“Girls Only Lego Club”: Washington State Teacher Creates Boy Free Area To Allow Only Girls To Play With Legos

Fairytale_Princess_Series_12_LEGO_MinifiguresSVG_brick_manKaren Keller of Captain Johnston Blakely Elementary on Bainbridge Island, Washington has a rather controversial approach to eradicating gender inequality in her kindergarten class: she reportedly bars boys from playing with Legos. A local paper below quotes Keller as saying that she wants to combat lower spatial and math skills among girls. While she says that girls want to play with dolls while boys want to play with Legos, she refuses to give boys permission to play with the Legos to try to reverse the trend. For many of us, Keller’s approach is not simply discriminatory but completely irrational and abusive. Yet, she clearly feels comfortable in adopting such discriminatory rules and speaking about them publicly. The issue is not the practices at Captain Johnston Blakely Elementary but the rise in such discriminatory practices — something that I have criticized through the years.

Adults manipulating the toys that children play with is nothing new, unfortunately. The obsession with toy guns is one such example. I have previously written columns on the campaign against toy guns (here and here). I fail to see the alarm over such play and, as noted in the prior columns, the obsession of some parents is often based on inaccurate accounts of academic research. Plenty of women played with dolls in childhood and went on to become powerful leaders from lawyers to politicians to scientists . . . and yes architects.

Keller stated that boys always ask to play with Legos but she treats them as girls only to try to get girls to use them: “I always tell the boys, ‘You’re going to have a turn’ — and I’m like, ‘Yeah, when hell freezes over’ in my head. I tell them, ‘You’ll have a turn’ because I don’t want them to feel bad.”

Putting aside the constant false statements made to the children, Keller insists that she has greater objectives in mind than equality or honesty. She has taught at the school since 2008 and observed self-segregation where boys inevitably went to the building blocks while the girls played with crayons and dolls. She finds that unacceptable and her solution is to prevent boys from playing with the blocks and Legos to address cognitive disparity between men and women. Of course, that means barring the boys from the useful playtime for cognitive development but Keller insists that it is the girls who need the opportunity.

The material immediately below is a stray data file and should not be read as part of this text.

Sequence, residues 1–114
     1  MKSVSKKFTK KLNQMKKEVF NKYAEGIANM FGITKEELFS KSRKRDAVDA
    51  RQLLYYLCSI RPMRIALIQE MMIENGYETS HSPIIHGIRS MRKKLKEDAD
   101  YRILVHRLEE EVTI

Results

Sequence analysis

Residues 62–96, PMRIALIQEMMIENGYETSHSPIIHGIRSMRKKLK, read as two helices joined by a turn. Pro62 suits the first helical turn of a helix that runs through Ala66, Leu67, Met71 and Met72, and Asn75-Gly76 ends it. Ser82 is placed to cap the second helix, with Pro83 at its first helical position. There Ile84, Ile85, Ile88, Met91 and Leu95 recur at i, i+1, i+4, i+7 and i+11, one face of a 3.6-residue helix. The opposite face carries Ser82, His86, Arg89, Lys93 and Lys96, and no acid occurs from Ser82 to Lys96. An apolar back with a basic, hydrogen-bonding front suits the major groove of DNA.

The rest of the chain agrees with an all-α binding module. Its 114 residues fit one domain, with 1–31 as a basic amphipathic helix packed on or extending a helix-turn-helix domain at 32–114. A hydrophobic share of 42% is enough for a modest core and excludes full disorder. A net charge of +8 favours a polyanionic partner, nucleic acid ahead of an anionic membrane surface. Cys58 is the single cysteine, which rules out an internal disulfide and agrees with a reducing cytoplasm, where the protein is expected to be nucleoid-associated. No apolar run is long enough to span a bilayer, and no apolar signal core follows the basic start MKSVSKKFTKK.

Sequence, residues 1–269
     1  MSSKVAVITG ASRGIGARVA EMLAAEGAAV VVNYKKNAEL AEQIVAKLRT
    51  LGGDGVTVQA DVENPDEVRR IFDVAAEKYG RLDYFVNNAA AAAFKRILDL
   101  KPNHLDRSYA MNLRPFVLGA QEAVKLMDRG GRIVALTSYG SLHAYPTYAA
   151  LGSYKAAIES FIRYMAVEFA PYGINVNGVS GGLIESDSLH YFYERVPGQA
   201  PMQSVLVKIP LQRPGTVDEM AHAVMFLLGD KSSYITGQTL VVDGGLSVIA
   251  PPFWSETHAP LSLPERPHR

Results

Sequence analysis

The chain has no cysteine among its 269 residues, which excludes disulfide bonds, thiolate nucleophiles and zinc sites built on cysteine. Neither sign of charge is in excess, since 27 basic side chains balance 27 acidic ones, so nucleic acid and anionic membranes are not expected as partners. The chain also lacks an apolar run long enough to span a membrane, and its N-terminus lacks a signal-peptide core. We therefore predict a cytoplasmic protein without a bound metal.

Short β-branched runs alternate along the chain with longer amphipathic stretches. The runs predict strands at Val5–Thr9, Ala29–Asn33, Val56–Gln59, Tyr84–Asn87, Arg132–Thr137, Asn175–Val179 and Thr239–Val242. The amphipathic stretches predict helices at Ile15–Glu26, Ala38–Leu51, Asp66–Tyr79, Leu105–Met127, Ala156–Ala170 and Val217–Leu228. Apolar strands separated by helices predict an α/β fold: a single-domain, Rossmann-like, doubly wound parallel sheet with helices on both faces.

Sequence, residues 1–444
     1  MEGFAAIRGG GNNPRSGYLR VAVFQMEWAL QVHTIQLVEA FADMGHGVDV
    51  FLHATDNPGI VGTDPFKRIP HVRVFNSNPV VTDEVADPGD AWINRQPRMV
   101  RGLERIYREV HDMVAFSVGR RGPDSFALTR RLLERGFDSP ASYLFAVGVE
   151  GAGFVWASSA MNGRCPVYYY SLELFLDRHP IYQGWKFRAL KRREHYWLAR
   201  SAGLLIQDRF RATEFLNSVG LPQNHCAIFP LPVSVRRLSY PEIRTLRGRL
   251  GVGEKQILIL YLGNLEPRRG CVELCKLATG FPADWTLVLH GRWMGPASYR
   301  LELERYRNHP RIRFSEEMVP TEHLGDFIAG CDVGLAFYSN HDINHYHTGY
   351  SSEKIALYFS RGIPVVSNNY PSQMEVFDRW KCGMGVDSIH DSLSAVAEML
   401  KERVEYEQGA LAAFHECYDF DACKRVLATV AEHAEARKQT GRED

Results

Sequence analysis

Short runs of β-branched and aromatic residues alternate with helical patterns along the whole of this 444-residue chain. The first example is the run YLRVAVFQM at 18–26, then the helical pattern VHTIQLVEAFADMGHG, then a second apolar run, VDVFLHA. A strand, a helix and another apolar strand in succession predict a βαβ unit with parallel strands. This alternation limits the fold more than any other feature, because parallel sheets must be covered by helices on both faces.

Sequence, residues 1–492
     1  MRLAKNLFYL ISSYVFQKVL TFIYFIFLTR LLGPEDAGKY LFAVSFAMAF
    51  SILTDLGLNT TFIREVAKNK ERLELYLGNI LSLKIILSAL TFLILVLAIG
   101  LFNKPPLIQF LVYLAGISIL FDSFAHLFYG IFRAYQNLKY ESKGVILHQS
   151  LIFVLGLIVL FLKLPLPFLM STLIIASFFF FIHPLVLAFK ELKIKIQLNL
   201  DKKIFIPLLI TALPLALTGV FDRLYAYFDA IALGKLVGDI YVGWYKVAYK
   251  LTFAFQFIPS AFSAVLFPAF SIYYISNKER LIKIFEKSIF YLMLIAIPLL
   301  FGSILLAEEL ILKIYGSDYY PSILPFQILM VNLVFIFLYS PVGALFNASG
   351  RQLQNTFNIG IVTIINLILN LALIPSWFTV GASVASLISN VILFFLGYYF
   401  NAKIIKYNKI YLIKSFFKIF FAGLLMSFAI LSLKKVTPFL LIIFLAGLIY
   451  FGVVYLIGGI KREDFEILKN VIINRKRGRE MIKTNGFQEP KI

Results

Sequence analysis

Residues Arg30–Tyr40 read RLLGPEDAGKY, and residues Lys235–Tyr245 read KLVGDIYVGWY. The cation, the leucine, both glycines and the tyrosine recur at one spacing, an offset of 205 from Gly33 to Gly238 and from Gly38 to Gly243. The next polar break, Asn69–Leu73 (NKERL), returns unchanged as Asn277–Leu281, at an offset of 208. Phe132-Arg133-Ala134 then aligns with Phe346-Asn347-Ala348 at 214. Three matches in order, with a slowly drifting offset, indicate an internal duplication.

Keller further says that she is just counterbalancing marketing stereotyping in toys by barring boys from playing with these educational toys: “I just feel like we are still so far behind in promoting gender equity.” She said that she decided to bar boys after she tried a positive approach to get girls to play with Legos. She selected pink and purple Legos but it is not help. The girls simply wanted to play with dolls and crayons. She said “it wasn’t enough” and thus required her discriminatory policy.

What is particularly troubling is that the school appears fully aware of this loony and discriminatory practice. Indeed, Keller was able to use Classroom Enrichment Grants to purchase LEGO Education Community Starter Kits for three Blakely classrooms. However, the grant was offered for all students. Keller however had no intention of letting little boys use the new toys. She said “I had to do the ‘girls only Lego club’ to boost it more. Boys get ongoing practice and girls are shut out of those activities, which just kills me. Until girls get it into their system that building is cool, building is ‘what I want to do’ — I want to protect that.”